TWO PISTOLS SOUTH OF DEADWOOD, by Merle Costiner and NO MAN'S BRAND, by William Vance. An Ace Double, which I bought for the Constiner novel. I'll read the other, too.
SLOCUM AND THE LOST COMMAND (Slocum #331), by Jake Logan. More cavalry, and I may know the author of this one.
WARRIORS OF THE PLAINS, by Karl Lassiter. Historical novel based on Fort Bent and the fur trade days. I do know the author, albeit slightly.
LONGARM AND THE VANISHING VIRGINS (Longarm #245), by Tabor Evans. I do know this author and this shortens my list of his Longarms by one. There was another of his at the same store but I rejected it for a badly creased cover.
TRAGG'S CHOICE, by Clifton Adams. This has nothing to do with the police lieutenant from Perry Mason. I'm trying to amass as many Westerns by Adams as I can.
That's it. A cowboy shirt, some postcards, and two model kits found in thrift stores round out my souvenir shopping.
The pinup is here just because I like them.
Saturday, November 19, 2011
Thursday, November 17, 2011
Last night I returned from six days in Arizona. The purpose of the trip was to let my mother and granddaughter meet. I also spent a few hours with writer Steve Mertz, who's great company. We explored a brace of book and thrift stores and ate the only Mexican food I had down there. I also went to Tombstone again, despite forecasts of thundershowers. It rained all the way there and most of the way back, but we had a respite from the wetness most of the time we were in The Town Too Tough to Die. On the return leg we saw a van full of people stopped by a Border Patrol wagon and a cop car. It was dark so we couldn't see what transpired, but a good guess would be that they busted some illegals. Que lastima.
I've never had so much trouble finding my way around as I did in Marana, north of Tucson. Some highway department genius decided to mark the north-south freeway as east-west, and I was turned around the whole time I was there.
We couldn't find the motel when we arrived, tired and grouchy. The map directions from the computer were wrong and the Best Western we sought sold out to Comfort Inn a week earlier. There was no notification and no sign advising people of the change. The room wasn't bad, especially if you like train whistles throughout the night.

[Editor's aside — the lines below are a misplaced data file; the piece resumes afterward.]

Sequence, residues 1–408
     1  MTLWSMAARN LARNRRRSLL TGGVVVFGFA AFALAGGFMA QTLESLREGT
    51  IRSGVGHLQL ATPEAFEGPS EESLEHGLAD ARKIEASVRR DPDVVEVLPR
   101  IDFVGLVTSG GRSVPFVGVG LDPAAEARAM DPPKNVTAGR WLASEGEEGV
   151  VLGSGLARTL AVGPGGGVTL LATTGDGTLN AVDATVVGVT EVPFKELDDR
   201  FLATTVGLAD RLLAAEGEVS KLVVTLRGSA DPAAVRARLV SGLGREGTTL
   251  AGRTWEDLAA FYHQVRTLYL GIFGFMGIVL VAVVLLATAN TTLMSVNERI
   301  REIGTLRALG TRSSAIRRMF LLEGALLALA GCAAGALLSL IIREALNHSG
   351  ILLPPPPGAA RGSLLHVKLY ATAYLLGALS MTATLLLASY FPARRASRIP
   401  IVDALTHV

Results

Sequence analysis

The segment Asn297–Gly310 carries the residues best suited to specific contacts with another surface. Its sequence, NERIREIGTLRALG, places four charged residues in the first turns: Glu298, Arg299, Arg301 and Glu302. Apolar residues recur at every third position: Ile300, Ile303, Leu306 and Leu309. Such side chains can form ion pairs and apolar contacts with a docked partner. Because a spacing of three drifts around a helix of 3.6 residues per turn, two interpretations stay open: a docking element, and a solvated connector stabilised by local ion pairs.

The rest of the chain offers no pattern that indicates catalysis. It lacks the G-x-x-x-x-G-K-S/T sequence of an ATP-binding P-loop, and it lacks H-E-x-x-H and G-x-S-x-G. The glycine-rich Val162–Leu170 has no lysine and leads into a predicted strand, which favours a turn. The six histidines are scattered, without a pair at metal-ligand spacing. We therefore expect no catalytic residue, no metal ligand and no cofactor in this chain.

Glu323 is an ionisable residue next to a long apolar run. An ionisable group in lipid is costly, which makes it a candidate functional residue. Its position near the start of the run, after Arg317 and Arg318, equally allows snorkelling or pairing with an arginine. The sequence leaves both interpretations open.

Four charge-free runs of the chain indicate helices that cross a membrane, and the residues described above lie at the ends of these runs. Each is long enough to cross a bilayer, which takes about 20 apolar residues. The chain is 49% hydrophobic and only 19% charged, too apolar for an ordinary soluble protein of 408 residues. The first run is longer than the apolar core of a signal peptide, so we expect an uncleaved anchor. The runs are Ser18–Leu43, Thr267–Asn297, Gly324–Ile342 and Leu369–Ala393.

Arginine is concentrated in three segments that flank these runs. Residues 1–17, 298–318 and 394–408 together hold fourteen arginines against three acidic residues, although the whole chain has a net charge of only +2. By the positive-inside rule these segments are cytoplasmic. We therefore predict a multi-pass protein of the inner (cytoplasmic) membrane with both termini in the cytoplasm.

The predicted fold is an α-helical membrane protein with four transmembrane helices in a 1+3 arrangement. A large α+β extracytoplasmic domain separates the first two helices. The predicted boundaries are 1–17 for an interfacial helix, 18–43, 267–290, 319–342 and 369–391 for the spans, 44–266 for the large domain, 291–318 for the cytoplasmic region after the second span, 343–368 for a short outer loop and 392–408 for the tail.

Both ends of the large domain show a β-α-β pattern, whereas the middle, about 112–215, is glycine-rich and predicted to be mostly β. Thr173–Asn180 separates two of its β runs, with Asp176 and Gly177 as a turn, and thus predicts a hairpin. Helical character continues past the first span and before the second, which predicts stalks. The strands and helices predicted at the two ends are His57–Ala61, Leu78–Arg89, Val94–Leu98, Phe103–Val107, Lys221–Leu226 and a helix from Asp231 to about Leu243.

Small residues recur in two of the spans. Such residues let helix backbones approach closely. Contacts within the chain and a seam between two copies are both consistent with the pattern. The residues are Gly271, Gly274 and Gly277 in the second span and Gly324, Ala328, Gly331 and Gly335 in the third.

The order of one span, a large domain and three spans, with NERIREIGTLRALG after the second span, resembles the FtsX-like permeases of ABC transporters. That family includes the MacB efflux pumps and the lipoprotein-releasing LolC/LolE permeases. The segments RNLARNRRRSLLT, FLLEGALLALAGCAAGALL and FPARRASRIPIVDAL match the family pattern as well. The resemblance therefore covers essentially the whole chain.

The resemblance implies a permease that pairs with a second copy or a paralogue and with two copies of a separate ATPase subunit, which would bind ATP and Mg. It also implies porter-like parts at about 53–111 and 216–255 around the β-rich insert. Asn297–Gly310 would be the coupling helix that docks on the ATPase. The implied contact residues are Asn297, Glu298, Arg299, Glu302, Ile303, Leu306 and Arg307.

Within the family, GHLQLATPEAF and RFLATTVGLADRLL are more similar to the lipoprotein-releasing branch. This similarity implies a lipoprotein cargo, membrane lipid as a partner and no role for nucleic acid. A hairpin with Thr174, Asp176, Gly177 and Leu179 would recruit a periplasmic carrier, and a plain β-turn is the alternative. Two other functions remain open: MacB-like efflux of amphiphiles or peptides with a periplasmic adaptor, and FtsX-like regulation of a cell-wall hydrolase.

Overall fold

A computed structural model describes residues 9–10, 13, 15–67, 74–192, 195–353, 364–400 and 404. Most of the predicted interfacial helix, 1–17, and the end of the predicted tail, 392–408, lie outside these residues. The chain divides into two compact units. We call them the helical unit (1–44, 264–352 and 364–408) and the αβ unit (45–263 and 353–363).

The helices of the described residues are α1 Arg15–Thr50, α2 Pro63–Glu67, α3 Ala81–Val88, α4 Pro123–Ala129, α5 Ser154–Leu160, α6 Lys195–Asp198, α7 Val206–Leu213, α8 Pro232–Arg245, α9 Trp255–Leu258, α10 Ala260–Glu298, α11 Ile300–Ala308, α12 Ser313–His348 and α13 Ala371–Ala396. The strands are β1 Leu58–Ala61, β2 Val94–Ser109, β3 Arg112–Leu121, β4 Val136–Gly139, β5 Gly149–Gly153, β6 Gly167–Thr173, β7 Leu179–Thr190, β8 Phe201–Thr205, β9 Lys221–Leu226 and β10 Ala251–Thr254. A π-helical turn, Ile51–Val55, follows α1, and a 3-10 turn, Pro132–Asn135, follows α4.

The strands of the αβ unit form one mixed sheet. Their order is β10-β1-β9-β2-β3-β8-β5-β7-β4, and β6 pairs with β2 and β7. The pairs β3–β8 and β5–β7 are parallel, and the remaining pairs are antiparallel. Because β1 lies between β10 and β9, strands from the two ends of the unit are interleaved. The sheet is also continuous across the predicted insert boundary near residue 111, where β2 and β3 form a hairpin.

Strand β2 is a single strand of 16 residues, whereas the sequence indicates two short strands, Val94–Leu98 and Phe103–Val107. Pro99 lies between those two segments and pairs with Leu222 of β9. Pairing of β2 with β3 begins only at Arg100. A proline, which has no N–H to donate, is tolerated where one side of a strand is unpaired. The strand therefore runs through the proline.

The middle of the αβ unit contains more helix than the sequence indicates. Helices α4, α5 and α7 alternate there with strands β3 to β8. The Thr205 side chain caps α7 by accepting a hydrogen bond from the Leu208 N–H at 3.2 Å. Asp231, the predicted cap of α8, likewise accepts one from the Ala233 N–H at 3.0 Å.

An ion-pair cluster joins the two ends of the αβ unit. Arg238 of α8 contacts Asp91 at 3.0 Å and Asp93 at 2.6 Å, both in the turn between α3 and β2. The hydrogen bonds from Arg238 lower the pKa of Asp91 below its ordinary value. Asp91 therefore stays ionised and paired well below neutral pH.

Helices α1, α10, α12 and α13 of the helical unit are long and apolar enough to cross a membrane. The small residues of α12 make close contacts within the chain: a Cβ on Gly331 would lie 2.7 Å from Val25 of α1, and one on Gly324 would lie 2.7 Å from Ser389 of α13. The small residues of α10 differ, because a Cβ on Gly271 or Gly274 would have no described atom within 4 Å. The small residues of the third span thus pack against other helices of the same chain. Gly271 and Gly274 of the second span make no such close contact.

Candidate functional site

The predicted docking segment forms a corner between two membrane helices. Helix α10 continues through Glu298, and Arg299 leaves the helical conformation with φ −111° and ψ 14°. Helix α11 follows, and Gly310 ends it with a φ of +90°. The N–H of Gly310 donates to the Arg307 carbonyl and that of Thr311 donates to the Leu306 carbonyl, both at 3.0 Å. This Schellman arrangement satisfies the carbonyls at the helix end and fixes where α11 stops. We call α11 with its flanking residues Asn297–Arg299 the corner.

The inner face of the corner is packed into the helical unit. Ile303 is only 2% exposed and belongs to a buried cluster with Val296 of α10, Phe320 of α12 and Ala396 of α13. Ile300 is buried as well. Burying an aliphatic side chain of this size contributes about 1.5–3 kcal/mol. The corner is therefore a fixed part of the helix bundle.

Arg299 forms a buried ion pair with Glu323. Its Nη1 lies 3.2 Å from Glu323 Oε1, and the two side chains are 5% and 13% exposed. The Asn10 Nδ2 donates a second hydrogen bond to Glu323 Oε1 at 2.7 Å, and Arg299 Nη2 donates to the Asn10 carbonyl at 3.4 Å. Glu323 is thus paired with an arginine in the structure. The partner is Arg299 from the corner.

A family of javelinas lived by the motel and one evening they chased my daughter's fiance down the street. I wish I'd witnessed that.
Finally ate at a Golden Corral. *Gag, choke* Second worst chunk of steak I've ever had.
Finally ate at a Cracker Barrel. My advice: Avoid the chicken and dumplings. At all costs.
The weather was mild, with temps usually around the mid-70's. I went into a number of stores that had their heaters going during what was to them a cold snap.
It's good to be home.
Friday, November 04, 2011
At about 1:15 pm today the pair of blacktail deer pictured here wandered into my front yard. This past summer I showed a photo of a buck who was in the cul-de-sac where I live. Now, he and his mate have come onto the property. At one point the doe was right outside the kitchen window (located in the front of the house) to nibble on an evergreen. I was about 15 feet away, inside. You can't tell from the picture, but the one closest to the street is the male. He has a long spiked antler on the right and a forked antler on the left. My younger daughter took the picture on her phone/wayback machine. I also saw our local hummingbird twice this week after an absence of over a month. I love when this happens.
Wednesday, November 02, 2011